KATHMANDU (Reuters) - A summit of South Asian Association for Regional Cooperation (SAARC) leaders set for Islamabad in November may be called off, as several countries have decided not to attend amid rising tension between arch-rivals India and Pakistan, officials said on Wednesday.
Afghanistan, Bangladesh, Bhutan and India have expressed their "inability" to attend the SAARC summit, a senior foreign ministry official in Nepal said.
India's foreign ministry on Tuesday announced its decision to skip the meeting, saying "increasing cross-border terrorist attacks in the region and growing interference in the internal affairs of member states by one country" had created an environment that was not conducive.
India has blamed Pakistan for a deadly assault this month on an army base in the disputed Himalayan state of Kashmir that has heightened fears of a new conflict between the nuclear-armed neighbours.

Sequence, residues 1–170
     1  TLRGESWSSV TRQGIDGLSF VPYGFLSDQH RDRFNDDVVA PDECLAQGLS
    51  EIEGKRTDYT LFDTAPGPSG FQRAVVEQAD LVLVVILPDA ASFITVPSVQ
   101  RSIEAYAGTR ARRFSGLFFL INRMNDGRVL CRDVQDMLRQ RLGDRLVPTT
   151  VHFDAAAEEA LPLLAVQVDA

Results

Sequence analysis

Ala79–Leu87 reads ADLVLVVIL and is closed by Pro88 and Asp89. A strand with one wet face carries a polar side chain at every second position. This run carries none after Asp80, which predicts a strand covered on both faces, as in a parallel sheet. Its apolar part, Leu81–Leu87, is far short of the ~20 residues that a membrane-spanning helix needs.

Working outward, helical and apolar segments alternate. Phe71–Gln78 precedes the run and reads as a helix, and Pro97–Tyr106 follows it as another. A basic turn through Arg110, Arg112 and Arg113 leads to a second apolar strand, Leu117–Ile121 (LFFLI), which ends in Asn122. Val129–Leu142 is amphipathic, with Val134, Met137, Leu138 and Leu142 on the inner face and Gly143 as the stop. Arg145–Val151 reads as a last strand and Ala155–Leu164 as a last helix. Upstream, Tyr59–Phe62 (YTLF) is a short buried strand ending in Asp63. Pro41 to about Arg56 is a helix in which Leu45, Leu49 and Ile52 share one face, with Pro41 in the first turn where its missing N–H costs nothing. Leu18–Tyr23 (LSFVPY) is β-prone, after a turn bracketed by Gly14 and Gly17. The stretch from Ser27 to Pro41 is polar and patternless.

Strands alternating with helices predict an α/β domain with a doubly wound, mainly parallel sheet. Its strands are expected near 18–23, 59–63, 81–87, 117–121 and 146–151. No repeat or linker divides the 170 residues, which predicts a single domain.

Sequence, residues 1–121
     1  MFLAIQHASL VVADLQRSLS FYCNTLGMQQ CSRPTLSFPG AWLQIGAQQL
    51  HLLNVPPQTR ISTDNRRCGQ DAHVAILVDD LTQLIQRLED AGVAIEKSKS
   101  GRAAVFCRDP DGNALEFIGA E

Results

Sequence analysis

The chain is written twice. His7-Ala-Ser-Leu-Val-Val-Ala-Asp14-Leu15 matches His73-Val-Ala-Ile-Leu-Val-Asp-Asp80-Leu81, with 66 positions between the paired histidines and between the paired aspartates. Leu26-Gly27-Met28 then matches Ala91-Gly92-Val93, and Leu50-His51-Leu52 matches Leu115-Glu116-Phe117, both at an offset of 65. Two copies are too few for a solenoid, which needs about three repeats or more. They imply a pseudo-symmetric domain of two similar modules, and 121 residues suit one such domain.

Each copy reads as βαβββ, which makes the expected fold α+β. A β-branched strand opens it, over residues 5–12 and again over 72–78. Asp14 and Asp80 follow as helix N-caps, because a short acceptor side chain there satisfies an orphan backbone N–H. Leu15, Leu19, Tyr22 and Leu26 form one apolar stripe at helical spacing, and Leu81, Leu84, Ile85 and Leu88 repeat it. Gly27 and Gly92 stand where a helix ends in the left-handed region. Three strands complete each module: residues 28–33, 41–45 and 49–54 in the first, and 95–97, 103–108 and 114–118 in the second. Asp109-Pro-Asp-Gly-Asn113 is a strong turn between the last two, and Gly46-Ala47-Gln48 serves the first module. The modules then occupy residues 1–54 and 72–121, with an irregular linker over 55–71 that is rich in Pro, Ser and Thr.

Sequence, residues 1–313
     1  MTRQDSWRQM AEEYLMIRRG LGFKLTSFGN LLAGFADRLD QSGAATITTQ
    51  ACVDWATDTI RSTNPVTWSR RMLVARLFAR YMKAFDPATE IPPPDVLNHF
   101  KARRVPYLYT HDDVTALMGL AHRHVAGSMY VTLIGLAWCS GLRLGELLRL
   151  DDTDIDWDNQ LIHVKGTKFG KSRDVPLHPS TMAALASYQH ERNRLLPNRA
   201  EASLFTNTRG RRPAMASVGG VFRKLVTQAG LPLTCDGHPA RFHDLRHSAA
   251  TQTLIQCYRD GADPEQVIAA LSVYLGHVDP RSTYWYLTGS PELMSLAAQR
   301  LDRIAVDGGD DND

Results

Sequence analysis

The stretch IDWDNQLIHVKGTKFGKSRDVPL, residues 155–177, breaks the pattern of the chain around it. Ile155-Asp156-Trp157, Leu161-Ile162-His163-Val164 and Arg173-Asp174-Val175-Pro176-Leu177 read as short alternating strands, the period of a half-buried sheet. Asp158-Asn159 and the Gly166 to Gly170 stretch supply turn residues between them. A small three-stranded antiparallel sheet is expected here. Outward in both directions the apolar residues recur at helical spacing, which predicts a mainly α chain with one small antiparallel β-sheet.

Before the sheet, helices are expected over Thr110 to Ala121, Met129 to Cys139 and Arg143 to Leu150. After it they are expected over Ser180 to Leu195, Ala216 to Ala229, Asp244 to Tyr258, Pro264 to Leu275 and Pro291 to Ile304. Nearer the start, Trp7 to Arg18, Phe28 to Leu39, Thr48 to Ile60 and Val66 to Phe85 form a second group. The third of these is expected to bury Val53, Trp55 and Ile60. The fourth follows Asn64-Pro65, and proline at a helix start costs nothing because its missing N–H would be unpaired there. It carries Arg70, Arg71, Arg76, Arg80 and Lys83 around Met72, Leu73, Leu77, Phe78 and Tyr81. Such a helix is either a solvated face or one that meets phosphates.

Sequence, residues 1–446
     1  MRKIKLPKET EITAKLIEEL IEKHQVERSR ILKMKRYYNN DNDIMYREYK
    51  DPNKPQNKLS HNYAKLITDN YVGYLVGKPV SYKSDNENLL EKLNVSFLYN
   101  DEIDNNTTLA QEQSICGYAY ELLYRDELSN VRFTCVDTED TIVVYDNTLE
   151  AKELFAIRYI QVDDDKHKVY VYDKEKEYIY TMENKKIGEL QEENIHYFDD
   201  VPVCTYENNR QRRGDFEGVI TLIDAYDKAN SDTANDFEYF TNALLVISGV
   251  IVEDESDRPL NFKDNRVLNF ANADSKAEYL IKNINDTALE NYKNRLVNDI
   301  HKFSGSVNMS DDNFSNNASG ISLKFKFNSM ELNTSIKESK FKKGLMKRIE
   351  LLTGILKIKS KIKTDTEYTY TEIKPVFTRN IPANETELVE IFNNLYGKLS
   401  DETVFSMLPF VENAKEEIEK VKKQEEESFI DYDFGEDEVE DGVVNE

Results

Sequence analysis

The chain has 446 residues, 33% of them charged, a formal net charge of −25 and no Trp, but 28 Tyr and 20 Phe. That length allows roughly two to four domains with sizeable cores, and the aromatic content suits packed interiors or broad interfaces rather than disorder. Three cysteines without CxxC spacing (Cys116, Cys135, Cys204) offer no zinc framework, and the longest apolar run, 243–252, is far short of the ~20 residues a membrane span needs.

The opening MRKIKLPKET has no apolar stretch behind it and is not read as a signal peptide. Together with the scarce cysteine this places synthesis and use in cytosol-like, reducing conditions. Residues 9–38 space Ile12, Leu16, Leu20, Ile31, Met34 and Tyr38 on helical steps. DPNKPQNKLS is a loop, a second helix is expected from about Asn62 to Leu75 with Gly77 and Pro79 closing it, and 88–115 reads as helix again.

Pakistan, which denies the accusations, called India's move to pull out of the SAARC summit "unfortunate".
A spokesman for Afghan President Ashraf Ghani said Afghanistan, which frequently accuses Pakistan of harbouring and supporting Taliban insurgents, would not take part in the summit as long as security threats in the region remain unresolved.
A Bangladeshi foreign ministry official said Dhaka had told Nepal it would not attend because of Pakistani interference in its internal affairs.
The two countries have been in a diplomatic spat over executions by Bangladesh of people convicted of crimes during its 1971 war of independence from Pakistan.
Junior foreign affairs minister Mohammad Shahriar Alam said Dhaka had told Pakistan, which is chairing the meeting, of its "inability to attend the summit due to our engagements".
Rishi Adhikari, the foreign affairs adviser to Nepal's prime minister, said the Himalayan nation's government would discuss the matter with SAARC members so that there was "no long-term effect" on the regional grouping.
Reporting by Gopal Sharma in Kathmandu; Additional reporting by Serajul Quadir in Dhaka and Hamid Shalizi in Kabul; Writing by Aditya Kalra; Editing by Paritosh Bansal and Clarence Fernandez/Mark Heinrich